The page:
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CA trio charged with using high-schoolers to smuggle migrants

US Immigration Checkpoint (Jonathan McIntosh/Flickr)

Three men were indicted Tuesday on charges of running a migrant-smuggling ring that used San Diego area high-school students as drivers and Los Angeles motels as drop houses.

Cristian Hirales Morales, 31, a naturalized U.S. citizen, is alleged to be the leader of the ring, organizing the smuggling operation from his hometown of Tecate, according to the indictment. He is accused of coordinating the illegal crossings via WhatsApp, tracking migrant loads and directing pick-ups using the pin drop technology on Google Maps, authorities said.

The drivers would transport the migrants to various motels in the Los Angeles area, with co-conspirators scouting Border Patrol checkpoints for the trip north.

Marcos Julian Romero, 21, alleged to be a top lieutenant, and Sergio Anthony Santivanez, 23 — both U.S. citizens who live in San Diego County — are accused of handling the U.S. side of the enterprise. At motels they’d hold the migrants until their sponsors arrived to hand over payment, according to the indictment.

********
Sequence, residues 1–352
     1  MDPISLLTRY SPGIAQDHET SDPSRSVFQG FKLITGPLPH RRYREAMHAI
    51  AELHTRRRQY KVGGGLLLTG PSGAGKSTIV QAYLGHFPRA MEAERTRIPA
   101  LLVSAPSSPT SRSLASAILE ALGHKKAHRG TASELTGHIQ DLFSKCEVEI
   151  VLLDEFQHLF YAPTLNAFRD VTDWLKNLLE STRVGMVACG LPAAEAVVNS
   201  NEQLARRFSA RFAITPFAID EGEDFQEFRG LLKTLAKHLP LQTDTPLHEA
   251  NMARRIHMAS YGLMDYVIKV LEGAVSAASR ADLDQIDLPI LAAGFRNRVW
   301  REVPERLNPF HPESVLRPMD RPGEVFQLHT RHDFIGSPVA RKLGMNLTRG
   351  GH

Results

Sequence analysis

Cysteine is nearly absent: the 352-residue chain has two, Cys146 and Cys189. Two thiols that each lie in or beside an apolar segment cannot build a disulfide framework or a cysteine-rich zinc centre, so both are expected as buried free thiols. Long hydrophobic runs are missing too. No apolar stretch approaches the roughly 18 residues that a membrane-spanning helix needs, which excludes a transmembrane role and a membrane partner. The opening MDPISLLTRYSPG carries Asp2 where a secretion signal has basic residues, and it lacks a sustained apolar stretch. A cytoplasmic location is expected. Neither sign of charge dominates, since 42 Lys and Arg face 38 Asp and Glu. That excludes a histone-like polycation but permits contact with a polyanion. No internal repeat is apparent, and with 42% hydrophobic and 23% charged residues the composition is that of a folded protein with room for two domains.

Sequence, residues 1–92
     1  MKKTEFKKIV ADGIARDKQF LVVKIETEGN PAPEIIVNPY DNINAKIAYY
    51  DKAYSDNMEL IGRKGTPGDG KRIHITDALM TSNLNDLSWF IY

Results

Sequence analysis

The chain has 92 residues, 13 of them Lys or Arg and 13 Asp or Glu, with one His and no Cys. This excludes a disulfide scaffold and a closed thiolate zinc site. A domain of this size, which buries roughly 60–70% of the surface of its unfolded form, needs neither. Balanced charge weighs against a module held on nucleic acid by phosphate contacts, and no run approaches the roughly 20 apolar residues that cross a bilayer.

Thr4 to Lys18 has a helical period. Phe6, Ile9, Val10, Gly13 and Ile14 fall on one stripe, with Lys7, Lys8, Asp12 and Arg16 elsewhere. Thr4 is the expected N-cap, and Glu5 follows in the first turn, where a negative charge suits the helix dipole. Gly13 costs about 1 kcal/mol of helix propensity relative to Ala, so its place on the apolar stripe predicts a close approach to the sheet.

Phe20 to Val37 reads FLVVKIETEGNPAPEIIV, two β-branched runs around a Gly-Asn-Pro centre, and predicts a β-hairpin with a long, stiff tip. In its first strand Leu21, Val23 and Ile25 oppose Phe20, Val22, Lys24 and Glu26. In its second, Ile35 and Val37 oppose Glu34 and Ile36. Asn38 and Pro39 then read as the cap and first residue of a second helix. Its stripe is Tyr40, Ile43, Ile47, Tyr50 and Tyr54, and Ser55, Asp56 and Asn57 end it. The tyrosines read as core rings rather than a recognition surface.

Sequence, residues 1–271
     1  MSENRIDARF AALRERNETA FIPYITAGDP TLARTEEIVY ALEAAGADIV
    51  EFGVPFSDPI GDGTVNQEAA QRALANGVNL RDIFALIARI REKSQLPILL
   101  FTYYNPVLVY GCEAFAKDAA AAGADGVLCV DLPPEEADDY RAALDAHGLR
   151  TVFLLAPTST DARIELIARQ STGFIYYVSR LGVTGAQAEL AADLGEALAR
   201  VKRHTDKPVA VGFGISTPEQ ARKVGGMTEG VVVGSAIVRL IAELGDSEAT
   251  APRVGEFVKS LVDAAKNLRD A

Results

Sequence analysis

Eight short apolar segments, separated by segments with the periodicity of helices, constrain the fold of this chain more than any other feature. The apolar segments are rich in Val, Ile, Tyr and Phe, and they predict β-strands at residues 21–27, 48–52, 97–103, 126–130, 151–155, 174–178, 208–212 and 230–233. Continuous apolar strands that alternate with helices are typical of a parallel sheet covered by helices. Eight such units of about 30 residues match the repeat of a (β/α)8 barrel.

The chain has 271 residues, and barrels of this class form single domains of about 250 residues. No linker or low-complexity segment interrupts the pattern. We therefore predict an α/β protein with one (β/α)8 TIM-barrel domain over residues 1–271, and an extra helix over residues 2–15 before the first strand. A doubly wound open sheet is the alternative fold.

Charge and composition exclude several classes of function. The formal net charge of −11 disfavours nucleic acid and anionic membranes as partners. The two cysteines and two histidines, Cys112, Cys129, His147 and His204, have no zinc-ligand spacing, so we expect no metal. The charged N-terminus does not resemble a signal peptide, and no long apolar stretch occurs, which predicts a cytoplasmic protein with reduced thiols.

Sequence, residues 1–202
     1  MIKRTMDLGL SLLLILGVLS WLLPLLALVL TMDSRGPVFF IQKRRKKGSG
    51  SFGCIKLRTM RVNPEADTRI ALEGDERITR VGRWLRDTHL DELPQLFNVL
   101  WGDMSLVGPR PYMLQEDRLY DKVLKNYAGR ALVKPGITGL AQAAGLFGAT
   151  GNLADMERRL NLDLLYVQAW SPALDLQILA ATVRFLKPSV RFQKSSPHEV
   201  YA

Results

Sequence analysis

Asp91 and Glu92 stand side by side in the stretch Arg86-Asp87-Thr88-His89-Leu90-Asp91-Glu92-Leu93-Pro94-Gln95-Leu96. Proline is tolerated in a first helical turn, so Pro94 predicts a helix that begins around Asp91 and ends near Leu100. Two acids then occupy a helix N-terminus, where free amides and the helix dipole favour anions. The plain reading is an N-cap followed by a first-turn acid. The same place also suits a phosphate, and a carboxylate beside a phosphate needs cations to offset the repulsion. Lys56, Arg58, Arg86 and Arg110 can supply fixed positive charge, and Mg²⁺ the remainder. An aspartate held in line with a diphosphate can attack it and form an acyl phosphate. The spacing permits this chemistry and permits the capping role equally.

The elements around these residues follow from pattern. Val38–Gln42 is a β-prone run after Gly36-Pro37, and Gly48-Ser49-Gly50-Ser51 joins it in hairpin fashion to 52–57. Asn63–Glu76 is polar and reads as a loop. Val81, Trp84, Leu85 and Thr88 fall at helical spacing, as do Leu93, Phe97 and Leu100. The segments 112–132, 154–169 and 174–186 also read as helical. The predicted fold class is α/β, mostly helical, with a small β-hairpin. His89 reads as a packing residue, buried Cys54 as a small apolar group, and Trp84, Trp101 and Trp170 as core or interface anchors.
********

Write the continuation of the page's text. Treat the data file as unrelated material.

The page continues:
The smuggling fee was usually $8,000 per person, authorities said.

Romero and Santivanez would then funnel the profits back to Hirales, according to the indictment.

Romero is accused of recruiting the drivers from San Diego County high schools by advertising through Craigslist and similar websites, authorities said. He would then send Hirales copies of the drivers’ personal information, including photos of their driver’s licenses and vehicles.

Border Patrol investigators were able to track members of the organization to Los Angeles and surveil payoffs at motels, according to the U.S. Attorney’s Office.

The indictment covers smuggling crimes that occurred in July, August and September. The three men were arrested in September on a complaint. They have pleaded not guilty.


© 2019 The San Diego Union-Tribune